with Lorelle and Brent VanFossen

The Mystery of the Stargate Coasters and the Pears

Box and coasters representing the gate from Stargate - photography by Lorelle VanFossen.This is a story about the mystery of the Stargate Coasters and the pears.

The story begins with Stargate episodes on Amazon.com. It probably begins further back, but that is where I will start.

I’ve been having trouble sleeping for the first time in my life. My mother, once a chronic insomniac, continues to be jealous of my ability to drop off anywhere, no matter the noise or distractions. If I need sleep, I sleep, anywhere, in any position, at any time – except for naps. I’ve never been a napper. She’s attest to that. With changes in my body the past two years, my system is slowly stabilizing and sleep is returning, but it has been a battle.

A science fiction fan, a few months ago I started spending my sleepless hours snuggled up in bed watching reruns of Stargate SG-1, Stargate Atlantis, and Stargate Universe on Amazon.com, taking advantage of their Amazon Prime membership and Amazon Instant Prime Videos. Unfortunately, Amazon continues to make it extremely difficult for members without an iPhone or Amazon Fire. Android continues to be ignored, even though it is the fastest growing mobile OS worldwide.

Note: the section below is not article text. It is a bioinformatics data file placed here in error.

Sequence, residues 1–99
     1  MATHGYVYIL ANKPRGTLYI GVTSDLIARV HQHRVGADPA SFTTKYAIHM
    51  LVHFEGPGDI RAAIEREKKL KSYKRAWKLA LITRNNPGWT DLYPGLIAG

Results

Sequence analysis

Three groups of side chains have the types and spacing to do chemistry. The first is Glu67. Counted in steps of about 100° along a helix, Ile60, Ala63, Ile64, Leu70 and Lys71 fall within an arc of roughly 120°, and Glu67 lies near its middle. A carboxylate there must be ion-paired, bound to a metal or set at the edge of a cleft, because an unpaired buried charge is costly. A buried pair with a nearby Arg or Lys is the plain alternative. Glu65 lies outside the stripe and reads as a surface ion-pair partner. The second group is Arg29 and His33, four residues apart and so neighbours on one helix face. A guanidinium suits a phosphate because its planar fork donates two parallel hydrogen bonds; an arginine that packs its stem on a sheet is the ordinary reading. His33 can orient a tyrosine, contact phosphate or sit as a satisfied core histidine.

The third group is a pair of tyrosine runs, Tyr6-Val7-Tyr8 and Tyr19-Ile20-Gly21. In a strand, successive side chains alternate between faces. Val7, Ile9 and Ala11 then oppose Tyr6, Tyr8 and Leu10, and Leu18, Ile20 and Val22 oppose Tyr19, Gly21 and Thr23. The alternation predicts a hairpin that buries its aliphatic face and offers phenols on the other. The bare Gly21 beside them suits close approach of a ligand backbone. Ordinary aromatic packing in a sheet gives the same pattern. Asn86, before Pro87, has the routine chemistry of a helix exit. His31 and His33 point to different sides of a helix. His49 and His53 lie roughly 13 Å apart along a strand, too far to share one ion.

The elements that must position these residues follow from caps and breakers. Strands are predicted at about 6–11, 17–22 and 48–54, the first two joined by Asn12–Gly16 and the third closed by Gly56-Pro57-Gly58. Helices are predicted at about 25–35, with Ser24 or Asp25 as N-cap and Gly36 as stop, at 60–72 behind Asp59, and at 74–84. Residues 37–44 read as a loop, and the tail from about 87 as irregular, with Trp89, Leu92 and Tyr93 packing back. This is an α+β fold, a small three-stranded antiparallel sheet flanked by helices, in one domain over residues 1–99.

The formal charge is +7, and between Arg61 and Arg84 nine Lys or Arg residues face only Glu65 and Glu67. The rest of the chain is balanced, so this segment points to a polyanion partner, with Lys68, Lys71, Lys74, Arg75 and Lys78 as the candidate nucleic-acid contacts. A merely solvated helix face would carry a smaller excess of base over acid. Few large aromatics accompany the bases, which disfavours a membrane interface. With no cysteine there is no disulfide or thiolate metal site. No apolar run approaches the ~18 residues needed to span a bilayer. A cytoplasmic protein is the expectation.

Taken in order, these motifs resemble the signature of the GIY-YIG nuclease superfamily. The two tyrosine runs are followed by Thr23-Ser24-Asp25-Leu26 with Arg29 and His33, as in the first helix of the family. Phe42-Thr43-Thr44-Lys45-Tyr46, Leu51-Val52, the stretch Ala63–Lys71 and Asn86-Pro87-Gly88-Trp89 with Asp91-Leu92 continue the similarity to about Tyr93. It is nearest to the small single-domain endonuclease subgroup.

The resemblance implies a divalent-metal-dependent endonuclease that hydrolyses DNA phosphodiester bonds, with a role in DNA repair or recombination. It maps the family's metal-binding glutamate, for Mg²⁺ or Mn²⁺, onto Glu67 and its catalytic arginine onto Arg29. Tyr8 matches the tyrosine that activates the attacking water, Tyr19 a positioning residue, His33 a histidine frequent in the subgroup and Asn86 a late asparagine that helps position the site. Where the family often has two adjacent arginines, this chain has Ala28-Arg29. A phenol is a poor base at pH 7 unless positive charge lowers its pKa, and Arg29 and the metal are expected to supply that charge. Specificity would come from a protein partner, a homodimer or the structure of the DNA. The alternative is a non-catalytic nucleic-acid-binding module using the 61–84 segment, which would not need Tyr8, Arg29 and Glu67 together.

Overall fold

A slip of the finger and I’ve purchased an episode or season. This leads to time wasted going to my desktop computer and contacting them for a refund since these are available for free.

The storyline expands with our housemate and his preparation for moving to Canada. In preparation for his move, he ordered computer equipment and materials he will need in his new home, as anyone would when preparing for a big move and life change. Along with Christmas presents, daily visits from UPS, FedEx, and other shipping companies have been a daily routine for months. The boxes pile up and are sorted and divided up when we get time.

Enter the pears. Several weeks before Christmas, she starts nagging me about a box she sent me for the holidays. She tells me there are pears in it. A couple years ago she sent us a box of Harry and David mouth-watering pears that we gobbled up in days. I expected this was a welcome repeat.

Knowing we were going to be going away for Solstice week to Breitenbush Hot Springs, and the weather changing to snow and ice, I became a bit paranoid about the box of pears. And she kept nagging, “Are the pears there yet?”

I left a note with my neighbor about the pears, asking him to check our mail for a notification or to move the box of pears into the house if they arrived while we were gone. I was so worried that they would be left out or stuck in the post office for five days freezing or rotting.

Returning from the Solstice break, no box of pears. More nags from my mother.

What did arrive among all the boxes was one box of Stargate Coasters from Amazon.com. While wonderful, they were $50 and the billing address listed my husband. There was no note, no sender.

While I love the coasters, I would never spend fifty bucks on coasters, no matter how much I was a fan. Star Trek, maybe – no, even then. I’m too cheap. I admit it.

Brent thought they might have been sent to me from my Amazon Wish List I feature on as a way for fans to say thank you. I’d have never added this to my Amazon Wish List. Still, I checked it.